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During March, the stock market remained in a corrective phase, as the benchmark KSE-100 Index fell by 1,277 points (around 2.8%) on a month-on-month basis. Despite the modest decline of around 3.9% in the last two months, the market is still up by a significant 30% during FY2021 to date. A few factors have contributed to this lacklustre performance of the market. Foremost was the elevated political noise during the month, surrounding the bitterly contested Senate elections, in which the ruling PTI candidate on the Islamabad Senate seat, FM Dr Abdul Hafeez Shaikh suffered defeat. The market was also concerned about the long march announced by the PDM, which was eventually put off. The market ignored the much-awaited revival of the stalled IMF program and receipt of USD 500 million under the Extended Fund Facility for budgetary support. On the contrary, investors remained wary of tough conditions by the IMF, including withdrawal of corporate tax exemptions of around PKR 140 billion, steep hike in utility tariffs with its implications for both inflation and listed corporate sector profitability. The unceremonious ouster of the Finance Minister and SAPM Petroleum was also not well received by the market. Lastly, the rising number of Covid-19 cases also sent jitters in the market, as infection ratios rose to the double digit and daily cases hovered around 4,500, the highest level since June-2020.
During the month, Automobile Assemblers, Chemical, Commercial Banks, Refinery, and Technology sectors performed better than the market. On the contrary, Auto Parts, Cements, Food & Personal Care, Glass & Ceramics, Oil & Gas Marketing, Paper & Board, Pharmaceuticals and Textile Composite sectors lagged behind. In terms of activity, Insurance, Individuals and Other Organisations stood as major buyers in the market, adding equities worth USD 16 million, USD11 million and USD 9 million, respectively. Mutual Funds, Companies, and Foreigners were major sellers, offloading their positions by USD 17 million, USD 11 million, and USD 8 million, respectively.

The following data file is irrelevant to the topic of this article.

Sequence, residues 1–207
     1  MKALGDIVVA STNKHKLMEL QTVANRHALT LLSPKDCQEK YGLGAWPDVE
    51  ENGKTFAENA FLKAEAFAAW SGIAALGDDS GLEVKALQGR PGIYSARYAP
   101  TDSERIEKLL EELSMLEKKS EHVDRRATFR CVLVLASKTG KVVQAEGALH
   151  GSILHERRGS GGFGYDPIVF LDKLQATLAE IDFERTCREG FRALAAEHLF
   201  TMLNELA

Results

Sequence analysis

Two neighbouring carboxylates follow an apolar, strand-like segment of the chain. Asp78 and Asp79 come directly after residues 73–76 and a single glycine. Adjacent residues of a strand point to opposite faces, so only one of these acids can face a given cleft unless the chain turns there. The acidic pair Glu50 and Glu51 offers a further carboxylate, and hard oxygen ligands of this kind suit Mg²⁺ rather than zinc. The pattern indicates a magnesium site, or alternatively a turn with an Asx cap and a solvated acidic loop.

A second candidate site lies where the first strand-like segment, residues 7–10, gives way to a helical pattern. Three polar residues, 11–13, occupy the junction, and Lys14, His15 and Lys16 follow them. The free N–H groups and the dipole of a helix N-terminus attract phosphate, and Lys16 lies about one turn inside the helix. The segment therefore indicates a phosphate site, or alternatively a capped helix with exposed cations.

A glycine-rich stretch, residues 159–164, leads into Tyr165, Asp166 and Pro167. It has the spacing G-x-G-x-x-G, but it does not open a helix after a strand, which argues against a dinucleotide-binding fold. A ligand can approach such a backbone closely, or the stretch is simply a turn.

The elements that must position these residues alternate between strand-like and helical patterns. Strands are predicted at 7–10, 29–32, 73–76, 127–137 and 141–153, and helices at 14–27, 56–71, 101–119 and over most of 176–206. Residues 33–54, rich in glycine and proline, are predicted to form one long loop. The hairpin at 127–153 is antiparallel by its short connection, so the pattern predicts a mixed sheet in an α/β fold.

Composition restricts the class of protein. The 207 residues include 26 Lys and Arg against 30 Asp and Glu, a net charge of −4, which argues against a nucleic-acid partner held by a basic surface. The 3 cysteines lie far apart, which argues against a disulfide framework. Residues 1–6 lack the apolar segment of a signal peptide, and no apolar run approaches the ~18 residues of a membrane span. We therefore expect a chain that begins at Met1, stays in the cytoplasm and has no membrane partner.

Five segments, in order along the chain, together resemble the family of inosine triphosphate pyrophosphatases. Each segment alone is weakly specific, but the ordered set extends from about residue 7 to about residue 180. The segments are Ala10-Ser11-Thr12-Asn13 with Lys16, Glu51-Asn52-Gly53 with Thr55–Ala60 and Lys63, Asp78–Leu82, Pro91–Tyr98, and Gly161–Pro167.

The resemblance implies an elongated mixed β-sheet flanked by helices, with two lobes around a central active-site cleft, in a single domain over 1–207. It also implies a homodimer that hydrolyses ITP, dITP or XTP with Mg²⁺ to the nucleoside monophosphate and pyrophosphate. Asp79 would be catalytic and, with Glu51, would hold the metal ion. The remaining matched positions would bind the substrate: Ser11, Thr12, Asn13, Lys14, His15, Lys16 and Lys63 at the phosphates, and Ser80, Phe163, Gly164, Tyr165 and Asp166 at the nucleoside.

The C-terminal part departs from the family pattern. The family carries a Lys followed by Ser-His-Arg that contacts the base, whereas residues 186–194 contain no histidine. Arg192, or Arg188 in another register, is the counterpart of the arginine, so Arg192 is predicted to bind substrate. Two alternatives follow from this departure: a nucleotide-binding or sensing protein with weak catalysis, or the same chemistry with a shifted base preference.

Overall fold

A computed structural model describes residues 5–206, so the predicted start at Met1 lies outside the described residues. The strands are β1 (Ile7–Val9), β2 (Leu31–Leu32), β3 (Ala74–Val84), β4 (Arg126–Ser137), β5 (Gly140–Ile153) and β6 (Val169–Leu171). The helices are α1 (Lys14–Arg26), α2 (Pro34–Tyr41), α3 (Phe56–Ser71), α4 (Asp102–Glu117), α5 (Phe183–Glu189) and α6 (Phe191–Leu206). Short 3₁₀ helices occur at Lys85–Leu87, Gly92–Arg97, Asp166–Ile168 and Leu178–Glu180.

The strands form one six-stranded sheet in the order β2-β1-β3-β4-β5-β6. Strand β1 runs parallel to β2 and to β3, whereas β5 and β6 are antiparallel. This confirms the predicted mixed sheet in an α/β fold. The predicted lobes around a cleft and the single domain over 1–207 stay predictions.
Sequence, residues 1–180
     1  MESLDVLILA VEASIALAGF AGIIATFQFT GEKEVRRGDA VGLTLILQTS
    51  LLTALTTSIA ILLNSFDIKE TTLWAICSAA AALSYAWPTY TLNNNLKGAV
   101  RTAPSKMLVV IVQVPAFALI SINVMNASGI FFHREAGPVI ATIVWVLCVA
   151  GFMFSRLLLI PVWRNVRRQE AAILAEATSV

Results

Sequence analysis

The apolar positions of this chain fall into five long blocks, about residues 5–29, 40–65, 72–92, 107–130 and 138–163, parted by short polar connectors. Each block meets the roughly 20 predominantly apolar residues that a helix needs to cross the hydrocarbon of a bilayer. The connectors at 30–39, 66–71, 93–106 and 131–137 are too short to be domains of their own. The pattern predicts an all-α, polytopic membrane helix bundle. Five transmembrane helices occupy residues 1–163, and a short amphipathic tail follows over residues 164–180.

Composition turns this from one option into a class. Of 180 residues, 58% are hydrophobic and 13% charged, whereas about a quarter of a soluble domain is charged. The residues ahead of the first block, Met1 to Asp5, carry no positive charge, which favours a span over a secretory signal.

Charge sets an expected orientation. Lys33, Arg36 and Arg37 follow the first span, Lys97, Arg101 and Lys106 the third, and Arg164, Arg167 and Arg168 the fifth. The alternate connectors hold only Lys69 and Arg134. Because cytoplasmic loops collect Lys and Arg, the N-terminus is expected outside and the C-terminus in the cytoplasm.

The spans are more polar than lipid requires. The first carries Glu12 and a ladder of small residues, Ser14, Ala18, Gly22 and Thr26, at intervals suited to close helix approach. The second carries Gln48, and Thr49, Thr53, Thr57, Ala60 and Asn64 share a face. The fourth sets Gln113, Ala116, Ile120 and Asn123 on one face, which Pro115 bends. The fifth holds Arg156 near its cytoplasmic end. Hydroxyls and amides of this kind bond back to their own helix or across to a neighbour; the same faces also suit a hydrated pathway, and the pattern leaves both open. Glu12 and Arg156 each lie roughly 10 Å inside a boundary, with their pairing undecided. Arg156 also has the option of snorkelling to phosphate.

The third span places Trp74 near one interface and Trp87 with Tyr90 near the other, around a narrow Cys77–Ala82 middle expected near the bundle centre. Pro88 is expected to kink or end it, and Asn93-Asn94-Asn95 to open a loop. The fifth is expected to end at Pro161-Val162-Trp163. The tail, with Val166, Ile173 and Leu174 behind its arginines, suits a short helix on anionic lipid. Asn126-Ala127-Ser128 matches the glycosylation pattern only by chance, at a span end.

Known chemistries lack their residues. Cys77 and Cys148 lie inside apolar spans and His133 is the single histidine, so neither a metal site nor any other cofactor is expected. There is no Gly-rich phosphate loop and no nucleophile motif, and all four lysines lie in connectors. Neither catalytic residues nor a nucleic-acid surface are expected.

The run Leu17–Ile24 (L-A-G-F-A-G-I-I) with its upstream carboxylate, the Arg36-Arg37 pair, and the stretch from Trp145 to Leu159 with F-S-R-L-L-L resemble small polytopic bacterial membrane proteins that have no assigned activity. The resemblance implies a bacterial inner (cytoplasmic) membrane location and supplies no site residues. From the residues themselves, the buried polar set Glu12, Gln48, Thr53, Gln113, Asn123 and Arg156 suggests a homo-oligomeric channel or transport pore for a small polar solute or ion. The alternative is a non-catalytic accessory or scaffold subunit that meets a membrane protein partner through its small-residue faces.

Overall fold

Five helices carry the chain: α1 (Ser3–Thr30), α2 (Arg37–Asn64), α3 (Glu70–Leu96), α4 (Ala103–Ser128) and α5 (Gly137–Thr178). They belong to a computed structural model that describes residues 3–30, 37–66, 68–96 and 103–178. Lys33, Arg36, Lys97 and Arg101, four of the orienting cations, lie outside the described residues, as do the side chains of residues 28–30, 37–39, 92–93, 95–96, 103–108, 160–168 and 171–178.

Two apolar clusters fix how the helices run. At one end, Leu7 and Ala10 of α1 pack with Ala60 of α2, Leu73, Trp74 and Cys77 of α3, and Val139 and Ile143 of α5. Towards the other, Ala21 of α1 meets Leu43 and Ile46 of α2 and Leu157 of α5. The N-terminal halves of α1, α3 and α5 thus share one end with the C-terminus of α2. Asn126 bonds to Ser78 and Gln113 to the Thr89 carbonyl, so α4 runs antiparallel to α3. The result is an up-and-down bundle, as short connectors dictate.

Looking ahead, we maintain our sanguine outlook on the stock market premised on the improving economic outlook, strong rebound in corporate earnings growth, attractive market valuations, and supportive monetary conditions. Large Scale Manufacturing numbers continue to remain robust as (LSM) index rose sharply by 9.1% during January-21, taking 7MFY21 growth to an impressive 7.85%. External account remains comfortable as eight months’ cumulative Current Account stands in a surplus of USD 881 million. The recent issue of Eurobonds worth USD 2.5 billion will augment SBP’s FX reserves. From the valuation stand point, the market is trading at an attractive forward Price-to-Earnings (P/E) multiple of 6.6x, versus 10-year average of 8.5x. The market also offers a healthy dividend yield of 5%. We expect corporate earnings to grow at a double-digit rate over the next two to three years. Though recent rise in Covid-19 cases is a cause of concern, we reckon that effective implementation of smart lockdowns will circumvent the need of full scale lockdown and thus we do not see any material risks to earnings growth. We anticipate continuation of accommodative monetary policy regime in the coming months with a modest 1%-1.5% hike in the Policy Rate during CY21.
The SBP maintained the Policy Rate at 7% in its MPC meeting held in March 2021. The SBP cited that the business sentiment and overall market activity have improved but downside risk still persists due to the emergence of third wave of Covid-19 in Pakistan. Average inflation in the coming months is expected to remain in the upper end of previously announced range of 7-9 percent mainly because of expected hike in electricity tariffs and rise in sugar and wheat prices. The inflation measured by the CPI for March 2021 clocked in at 9.1% on a YoY basis. We expect a modest 100-150 bps increase in the Policy Rate during CY21.
During the outgoing month, SBP held two T-Bill auctions with a combined target of Rs. 1,750 billion against the maturity of Rs. 1,593 billion. In the first T-Bill auction, an amount of Rs. 700 billion was accepted at cut-off yields of 7.59%, 7.80% and 7.79% for 3-month, 6-month, and 12-month tenures, respectively. In the second T-Bill auction, an amount of Rs. 1,516 billion was accepted at cut-off yields of 7.54% and 7.80% for 3-month and 6-month tenures, whereas, bids for 12-month tenor were rejected. In the PIB auction, bids worth Rs. 84.9 billion were realized for 3-year, 5-year and 10-year tenures at a cut-off yield of 9.41%, 9.90% and 10.29%, respectively.
We have calibrated the portfolio of our money market and income funds based on our interest rate outlook and will remain alert to any developments that may influence our investment strategy.
Disclaimer: This publication is for informational purpose only and nothing herein should be construed as a solicitation, recommendation or an offer to buy or sell the fund. All investments in mutual funds and pension funds are subject to market risks. The price of units may go up as well as down. Past Performance is not necessarily indicative of future results. NBP Funds or any of its sales representative cannot guarantee preservation / protection of capital and / or expected returns / profit on investments.